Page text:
These signs were simple and added a fun, rustic touch. Dad had lots of plywood laying around. He cut these and I hand painted the lettering. 

We had a pretty casual wedding, but I still liked the idea of escort cards. Here are mine: 

Inspired by this: 

My step-ma’s mom snagged this great vintage suitcase (see how I repurposed it here.) She added the “Cards” letters and found a nice lacy fabric. 

I was inspired by these: 

I’m pretty sure my dad and step-ma came up with the idea of the guest quilt. We went through several incarnations of the idea, and ended up with this. An antique lap quilt- 

Loved how it looked here: 

I became a little obsessed with putting together the perfect centerpieces. When I saw this photo on Pinterest, it became my ultimate source of inspiration for the rest of the wedding. I went back to it time after time: 

Here are my centerpieces. My handsome hubby Brett helped me paint the numbers on the books: 

I hit farm wedding jackpot when I found boxes of vintage agriculture text books at a local thrift store. I probably would have gotten in a fight with anyone who tried to wrestle one from my grip! 

The book table numbers were inspired by this photo: 

My flowers were a real group effort and can I just say THANK YOU again to my awesome bridesmaids who made so many of these things? Mary (and Michael) made all the book page flowers and Amanda (and Andy) helped with the coffee filter peonies. Kimberly sported red hands for weeks after she helped me dye some of them pink. These girls kicked bridesmaid ass… 

Flowers made by these tutorials: 

Side note- If you are looking for big impact, low cost, low effort flowers, I highly recommend the coffee filter flowers. So inexpensive and very easy to make. 

If you’re getting married in the Kirksville area, let me say I totally recommend Amie of Amie Cakes. Her prices are great and she did an amazing job with my beautiful wedding cake:

Unfortunately I can’t find the exact pin I sent Amie, but I showed her several styles like the one below and we both really loved the one with the artichoke “flowers.” It was beautiful, without being what I thought was too girly: 

To keep this post from getting too long- I’m splitting it in two parts! Back tomorrow with part two!

Unsolicited Advice for Brides to Be: Part Two

Back with the second half of my wedding reflections!

3. The Internet is your best friend and your worst enemy. 

Getting married in what I can only refer to as the “Pinterest Age” created a unique set of circumstances. Pinterest provides a wealth of resources and insurmountable challenges.

We’ll start with the bad news:
The fact is you can only have one wedding. So each time you visit a blog that features a beach wedding, a farm wedding, a blue and yellow wedding, a Hindu/Jewish fusion wedding, an urban wedding, and so on, you fall in love with it and you have to kill the other wedding you were already planning in your head.

Brett and I imagined the following weddings:
-A wedding at Red Barn Farm in Kansas City
-A rooftop wedding at the Kansas City Public Library
-A wedding in a loft in Downtown Kansas City
-A wedding on the beach in Dauphin Island, Alabama
-A wedding at my grandparent’s house

I also imagined decorations running the gamut from deep jewel-toned Moroccan flair to Dr. Seuss inspired bright colors and fantastically shaped centerpieces. The wedding we ended up with? One with a rustic, antique decor at my parent’s farm. But the cascade of ideas didn’t stop there! Hay bales for seating or chairs? Escort cards? Centerpieces? Altar?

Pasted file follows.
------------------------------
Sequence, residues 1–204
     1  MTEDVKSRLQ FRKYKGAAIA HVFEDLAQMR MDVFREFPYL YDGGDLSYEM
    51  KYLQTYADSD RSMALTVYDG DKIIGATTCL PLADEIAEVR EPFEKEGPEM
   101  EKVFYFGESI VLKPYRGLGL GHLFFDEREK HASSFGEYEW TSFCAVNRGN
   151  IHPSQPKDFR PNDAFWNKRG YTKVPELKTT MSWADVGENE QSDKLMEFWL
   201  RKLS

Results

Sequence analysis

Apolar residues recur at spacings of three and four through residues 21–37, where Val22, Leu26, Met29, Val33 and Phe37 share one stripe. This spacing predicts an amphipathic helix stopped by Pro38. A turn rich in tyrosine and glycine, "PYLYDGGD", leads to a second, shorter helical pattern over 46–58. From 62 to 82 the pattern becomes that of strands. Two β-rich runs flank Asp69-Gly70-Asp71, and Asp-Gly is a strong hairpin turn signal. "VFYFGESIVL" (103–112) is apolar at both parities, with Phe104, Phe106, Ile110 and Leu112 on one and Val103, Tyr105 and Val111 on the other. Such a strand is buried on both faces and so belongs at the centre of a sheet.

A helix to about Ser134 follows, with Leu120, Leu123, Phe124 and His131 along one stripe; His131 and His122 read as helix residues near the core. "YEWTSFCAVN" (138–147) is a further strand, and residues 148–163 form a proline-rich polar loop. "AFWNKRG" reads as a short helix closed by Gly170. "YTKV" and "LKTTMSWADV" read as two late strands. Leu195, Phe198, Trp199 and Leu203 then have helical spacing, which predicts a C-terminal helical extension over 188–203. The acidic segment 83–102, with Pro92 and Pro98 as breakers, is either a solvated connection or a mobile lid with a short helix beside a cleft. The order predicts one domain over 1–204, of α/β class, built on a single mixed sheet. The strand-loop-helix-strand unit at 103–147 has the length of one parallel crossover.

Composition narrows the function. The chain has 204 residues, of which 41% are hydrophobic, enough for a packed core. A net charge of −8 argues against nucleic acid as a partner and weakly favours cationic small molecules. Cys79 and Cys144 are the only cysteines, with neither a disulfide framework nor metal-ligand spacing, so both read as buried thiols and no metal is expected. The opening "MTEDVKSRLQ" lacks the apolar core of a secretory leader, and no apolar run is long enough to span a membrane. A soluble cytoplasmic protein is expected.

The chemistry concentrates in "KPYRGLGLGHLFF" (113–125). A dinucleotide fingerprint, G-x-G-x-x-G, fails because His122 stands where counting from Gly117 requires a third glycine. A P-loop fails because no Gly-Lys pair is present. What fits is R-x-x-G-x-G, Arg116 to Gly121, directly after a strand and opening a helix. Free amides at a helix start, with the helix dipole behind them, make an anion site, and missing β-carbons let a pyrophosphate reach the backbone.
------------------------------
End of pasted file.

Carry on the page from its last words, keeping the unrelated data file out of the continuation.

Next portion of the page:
A little inspiration is good. A lot is bad. Very bad. Your wedding won’t look as good as the gorgeous ones you see featured on blog after blog. It will look better, I promise. It will turn out better than you ever imagined. That’s the good news.

My advice regarding sites like Pinterest is to harness its energy in a controlled way. Limit your time just browsing for “inspo.” Let your style and good taste guide you. From there, use Pinterest and wedding blogs as a tool. Want to make your own invitations? Search “DIY Invites” and focus your time on that project. Too cheap to use a florist? (Me too.) Pinterest helped me find a tutorial for coffee-filter flowers that was easy and saved me a ton of money.

My final piece of advice is the most important. If you forget the rest of it, please remember this:

4. Plan a marriage, have a wedding. 

Note how this is remarkably different than planning a wedding and having a marriage. Your marriage is not a by-product of your wedding. It’s not a consequence. It’s is the foundation, the gas, the lifeblood. A wedding isn’t a party for you. It’s not a party for your soon-to-be spouse. Or your parents, or families, or friends. It’s a celebration of a lifetime commitment. If you spend the duration of your engagement focused on the wedding day without spending significant time considering what comes after, you’re doing it wrong.

In past incarnations of my life I have been a lot of things: bossy, demanding, dramatic, bitchy. I wanted my wedding to be an opportunity to be the best version of myself- focused, considerate, gracious. I consider my family and friends to be my A-Team. These are the people on whom I know I can call when things are not always as magical as our wedding day. When Brett and I inevitably experience the valleys of life, it is on this support group that I know we can lean.

Because I expect so much from them (we had our wedding guests make a vow of commitment to us during our ceremony…) I wanted to give them the best of me as well. Put your relationship(s) front and center during this process. Be a kinder, more patient, more forgiving person. Do this for your spouse, your friends, your parents, and yourself.

It isn’t about not being a “Bridezilla.” It’s about cultivating the blessings of deep, committed love. Dig into it. Invest in it. I already know how valuable the returns really are!

Unsolicited Advice for Brides to Be: Part One